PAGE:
Protestors react as TCEQ holds hearing on proposed LNG plants

BROWNSVILLE — Last night, more than 35 residents of the Rio Grande Valley, representing community organizations against liquefied natural gas, rallied in Brownsville to protest the building of LNG facilities in the area.

Placards stating “Save RGV from LNG,” “Their pipe-dream is our nightmare,” and “Fresh air not flares,” were on display.

Following the demonstration, more than 100 people attended a public meeting at the historic Brownsville Museum where the Texas Commission on Environmental Quality was to discuss whether it should grant Texas LNG air permit applications — a necessary permit prefacing construction.

After a few chants, the protestors gathered on the northwest side of the park and delivered prepared statements from featured speakers.

Convening the remarks was Joseph Cantu, a former Cameron County commissioner candidate and former employee of the refinery business, who charges that “the Texas Commission on Environmental Quality has acted as an air pollution rubber stamp, having denied 11 air quality permits since the 1970s.”

Dr. Dolly Sevier is a member of the Rio Grande Valley Coalition for Healthy Children — which has written three reports outlining different health impacts from each LNG facility with Federal Regulatory Energy Commission.

She said that “the question is not whether … the LNG facilities will be polluting our air because we know that they will; it’s in their reports,” but that the main question is “what does this pollution do to us?”

Worsening heart diseases, birth defects, learning disabilities and behavior problems were among the dangers she cited as threatening to the community.

She concluded by saying that climate change is “a very real thing” and that “pretending like it doesn’t exist and continuing on this pathway in using fossil fuels is not going to get us into the next century; it may not even get us into the next 50 years,” she said.

Josette Cruz is a mother of two and Brownsville native. Her concerns dealt with protecting the health of the community from a parent’s point of view. As a mother of a special needs child, she said that “I can’t be sold, my children’s health cannot be sold, either, and I’m sure a lot of parents feel the same way.”

Cruz held a placard suggesting that U.S. Rep. Filemon Vela sold out children.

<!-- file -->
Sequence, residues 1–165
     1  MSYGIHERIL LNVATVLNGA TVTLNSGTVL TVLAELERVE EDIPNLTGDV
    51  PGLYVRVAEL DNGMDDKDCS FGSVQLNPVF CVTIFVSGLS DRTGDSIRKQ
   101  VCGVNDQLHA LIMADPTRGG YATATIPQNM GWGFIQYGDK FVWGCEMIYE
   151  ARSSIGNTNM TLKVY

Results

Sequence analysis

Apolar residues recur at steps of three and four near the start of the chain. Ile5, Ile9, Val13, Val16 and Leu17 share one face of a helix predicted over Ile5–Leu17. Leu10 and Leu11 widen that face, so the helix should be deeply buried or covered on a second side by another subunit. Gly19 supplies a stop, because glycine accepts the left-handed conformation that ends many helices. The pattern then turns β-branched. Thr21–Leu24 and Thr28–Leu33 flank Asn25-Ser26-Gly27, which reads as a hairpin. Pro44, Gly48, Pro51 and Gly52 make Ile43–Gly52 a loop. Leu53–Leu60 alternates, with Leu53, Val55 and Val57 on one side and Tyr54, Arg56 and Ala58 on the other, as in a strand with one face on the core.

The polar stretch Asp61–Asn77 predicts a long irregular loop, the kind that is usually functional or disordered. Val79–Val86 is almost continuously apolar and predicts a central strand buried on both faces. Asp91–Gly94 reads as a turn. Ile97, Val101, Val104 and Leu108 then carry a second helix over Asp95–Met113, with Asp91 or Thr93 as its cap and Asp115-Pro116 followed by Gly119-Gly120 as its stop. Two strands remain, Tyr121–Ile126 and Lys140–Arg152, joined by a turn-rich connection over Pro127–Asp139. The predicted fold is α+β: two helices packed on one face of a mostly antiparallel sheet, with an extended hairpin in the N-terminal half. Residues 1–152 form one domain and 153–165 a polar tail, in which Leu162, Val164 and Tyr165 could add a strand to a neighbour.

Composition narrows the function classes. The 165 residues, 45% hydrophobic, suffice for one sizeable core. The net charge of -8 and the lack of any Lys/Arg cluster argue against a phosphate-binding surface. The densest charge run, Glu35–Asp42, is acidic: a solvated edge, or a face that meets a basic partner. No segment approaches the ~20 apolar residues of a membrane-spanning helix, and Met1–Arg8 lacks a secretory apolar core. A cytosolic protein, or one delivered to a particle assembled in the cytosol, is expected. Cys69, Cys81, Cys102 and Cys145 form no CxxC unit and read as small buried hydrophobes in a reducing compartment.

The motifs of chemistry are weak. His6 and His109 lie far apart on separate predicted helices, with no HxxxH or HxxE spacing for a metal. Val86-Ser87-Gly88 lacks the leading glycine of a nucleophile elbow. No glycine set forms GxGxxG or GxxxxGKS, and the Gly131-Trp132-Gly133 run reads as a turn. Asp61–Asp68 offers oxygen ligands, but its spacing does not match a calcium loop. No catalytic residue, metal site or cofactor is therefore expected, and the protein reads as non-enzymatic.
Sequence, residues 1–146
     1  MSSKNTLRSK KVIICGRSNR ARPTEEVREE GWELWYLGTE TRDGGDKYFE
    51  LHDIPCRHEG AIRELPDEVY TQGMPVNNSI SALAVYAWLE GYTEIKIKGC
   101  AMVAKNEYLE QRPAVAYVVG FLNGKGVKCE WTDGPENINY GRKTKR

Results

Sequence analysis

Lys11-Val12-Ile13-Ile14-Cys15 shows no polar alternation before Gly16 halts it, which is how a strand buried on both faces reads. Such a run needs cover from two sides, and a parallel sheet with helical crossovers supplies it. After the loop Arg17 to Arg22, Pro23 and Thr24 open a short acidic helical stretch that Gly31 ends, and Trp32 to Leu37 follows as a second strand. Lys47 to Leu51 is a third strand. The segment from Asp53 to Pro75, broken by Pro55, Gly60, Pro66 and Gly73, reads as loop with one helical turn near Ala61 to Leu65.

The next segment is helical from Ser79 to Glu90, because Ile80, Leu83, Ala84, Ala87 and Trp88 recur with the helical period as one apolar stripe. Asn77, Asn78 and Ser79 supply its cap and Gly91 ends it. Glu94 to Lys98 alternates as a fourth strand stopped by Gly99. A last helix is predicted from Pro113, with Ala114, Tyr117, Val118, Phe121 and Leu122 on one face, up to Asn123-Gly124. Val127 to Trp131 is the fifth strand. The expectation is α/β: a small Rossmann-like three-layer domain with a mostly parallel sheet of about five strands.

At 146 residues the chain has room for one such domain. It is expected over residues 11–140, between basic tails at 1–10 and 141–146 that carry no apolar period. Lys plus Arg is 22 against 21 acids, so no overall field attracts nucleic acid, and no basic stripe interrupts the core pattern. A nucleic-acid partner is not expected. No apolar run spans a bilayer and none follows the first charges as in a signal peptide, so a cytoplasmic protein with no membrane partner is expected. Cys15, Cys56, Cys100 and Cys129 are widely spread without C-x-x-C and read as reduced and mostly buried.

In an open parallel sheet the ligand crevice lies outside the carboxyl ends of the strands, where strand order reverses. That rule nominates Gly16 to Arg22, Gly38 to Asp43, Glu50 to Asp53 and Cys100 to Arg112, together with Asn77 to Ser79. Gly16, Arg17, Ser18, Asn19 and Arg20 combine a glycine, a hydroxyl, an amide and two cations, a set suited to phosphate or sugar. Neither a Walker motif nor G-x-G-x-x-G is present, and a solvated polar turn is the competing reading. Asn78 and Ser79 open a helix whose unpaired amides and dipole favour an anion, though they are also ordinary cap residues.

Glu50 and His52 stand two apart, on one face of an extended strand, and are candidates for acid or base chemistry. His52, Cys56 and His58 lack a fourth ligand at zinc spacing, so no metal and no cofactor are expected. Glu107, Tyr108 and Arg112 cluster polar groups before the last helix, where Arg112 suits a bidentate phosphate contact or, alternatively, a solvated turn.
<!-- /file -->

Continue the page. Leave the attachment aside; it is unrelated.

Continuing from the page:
When asked how Vela had sold out the children in his district, she alluded to donors of his such as Exxon Mobile and Astrazeneca, a pharmaceutical company.

Perez admitted Exxon is not an LNG company but nonetheless was in the oil and gas industry and that Vela’s inaction demonstrated a betrayal that could have been better served by him saying to LNG “take your jobs and shove it …”

Last on the sheet was Dr. Neil Carman, Clean Air director of the Sierra Club’s Lone Star Chapter. He worked for the Environmental Protection Agency for 12 years, inspecting chemical plants and refineries, all of which he said had accidents on an all-too-regular regular basis.

His primary concern centered on there being “no buffer zone proposed for these LNG facilities.” He says there should be a buffer zone of three miles to protect public safety. The TCEQ, he said, does not regulate this but registered the concern nonetheless.

After Carmen’s statements, the protestors headed over to the public meeting at the Historic Brownsville Museum, where residents with an opposing viewpoint held placards of their own.

“Join me in supporting this safe and responsible industry that will pump billions of dollars into our economy,” read an opposing placard.

Veterans who support LNG natural gas, such as Tony Garcia, a Vietnam War veteran and Brownsville resident, attended the public to support the jobs LNG would create for veterans who struggle finding employment.

The concerns expressed by protestors at the rally were expressed to the board, the recording of which will be published by the TCEQ shortly, according to the commission.